How could I omit Kate Burkholder since I just read that series? Thanks, Jeff for adding so many of the women of crime fiction.

Karen Reittinger said...

Well said. Thank you, Lesa.

donna said...

What a wonderful thing we witnessed last night - nomination of a woman for President of the United States - and hopefully when November comes she will be the President of the United States - women absolutely can not vote for the other candidate - just look at his background and the way he has treated women - and let's not forget he has had 3 wives.

Deb said...

I'm the mother of three young women, the oldest is 23, the youngest are 18-year-old twins. I hope my husband and I have raised them to be strong and good women, able to take care of themselves--but also to take care of others--and stand up for the right things in an uncertain world. I'm beyond thrilled that my girls may witness history in the making with our first female president. Just reading some of the things Donald Trump has said about women is enough to make me know (if I didn't already) that I don't want to vote for anyone from the party that would have THAT man as their standard-bearer.

/Dismounting soapbox now.

Lesa said...

Women, and men who support women's roles, I hope you do get on a soapbox. No problem, Deb. How can any woman vote for a man who talks about them the way Trump does? That would be unacceptable in public from any other man, and he would have been called out for it a long time ago. We need to encourage women to have the strength to stand up despite those kind of attacks. I'm not sure how I'd react - probably in tears. But, I'm so proud of those women who have stood up under those kinds of brutal remarks.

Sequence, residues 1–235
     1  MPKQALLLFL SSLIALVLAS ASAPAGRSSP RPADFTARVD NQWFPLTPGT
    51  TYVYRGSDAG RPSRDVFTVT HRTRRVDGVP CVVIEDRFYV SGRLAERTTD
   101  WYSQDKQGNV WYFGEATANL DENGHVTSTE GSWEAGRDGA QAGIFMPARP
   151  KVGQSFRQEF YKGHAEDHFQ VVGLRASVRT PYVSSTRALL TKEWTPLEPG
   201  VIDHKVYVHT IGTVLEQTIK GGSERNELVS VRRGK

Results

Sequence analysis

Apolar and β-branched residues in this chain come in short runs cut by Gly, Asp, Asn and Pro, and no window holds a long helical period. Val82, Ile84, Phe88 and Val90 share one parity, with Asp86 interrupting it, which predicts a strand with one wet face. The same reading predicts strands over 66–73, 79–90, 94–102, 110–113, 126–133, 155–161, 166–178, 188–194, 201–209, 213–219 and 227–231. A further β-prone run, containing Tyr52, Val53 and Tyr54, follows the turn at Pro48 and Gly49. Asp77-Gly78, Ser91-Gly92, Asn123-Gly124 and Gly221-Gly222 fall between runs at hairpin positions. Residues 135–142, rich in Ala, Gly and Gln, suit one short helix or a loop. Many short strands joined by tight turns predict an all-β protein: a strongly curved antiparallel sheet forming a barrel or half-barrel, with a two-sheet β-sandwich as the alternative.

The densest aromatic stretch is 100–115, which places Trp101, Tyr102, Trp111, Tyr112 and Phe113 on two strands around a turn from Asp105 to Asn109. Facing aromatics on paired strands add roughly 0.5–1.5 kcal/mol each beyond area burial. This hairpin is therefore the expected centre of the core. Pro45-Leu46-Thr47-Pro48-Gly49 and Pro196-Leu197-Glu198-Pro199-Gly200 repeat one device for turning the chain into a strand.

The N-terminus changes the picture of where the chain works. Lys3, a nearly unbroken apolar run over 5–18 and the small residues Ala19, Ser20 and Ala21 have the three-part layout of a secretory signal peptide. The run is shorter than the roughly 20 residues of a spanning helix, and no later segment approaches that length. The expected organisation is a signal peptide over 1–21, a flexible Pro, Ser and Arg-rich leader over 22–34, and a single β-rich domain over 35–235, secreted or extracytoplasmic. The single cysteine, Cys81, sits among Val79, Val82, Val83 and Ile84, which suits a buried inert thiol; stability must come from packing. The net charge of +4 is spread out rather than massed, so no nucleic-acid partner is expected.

Anonymous said...

I love strong women who see honest. UNfortunately, I do not find Hillary honest, so I can not support her. YHere sure so many other strong democrat women.

donna said...

If you think the alternative is honest you better think again - the only thing he will support is white billionaire men - he will do anything to make a dollar and destroy everyone else.

Aubrey Hamilton said...


Strong women raise strong women, seek out strong women as their friends, and serve as models for younger women looking for a path in their lives. Well said, Lesa.

Anonymous said...

Donna, I find the alternative better for what our country needs. Especially with the IISSIS problem.

Jeffrey Meyerson said...

Dear Anonymous,

I can see why you want to stay that way. If you think Trump knows anything about ISIS (or, indeed, anything other than his own needs and desire for constant attention) you are sadly mistaken. He knows NOTHING.

What's worse is, he doesn't care. He only says whatever it takes to get people to support him.

Lesa said...

Yes, Anonymous. There are so many strong Democratic women. And, they're voting for Hillary because the alternative is unbelievable. We can't vote for the man who treats and talks about women as if we're dirt.

Bonnie K. said...

I wished there was a like button. I enjoyed reading your thoughts about strong women. So true. :)

Edith Maxwell said...

What a beautiful post, Lesa. It's why I read women authors - and female protagonists - too.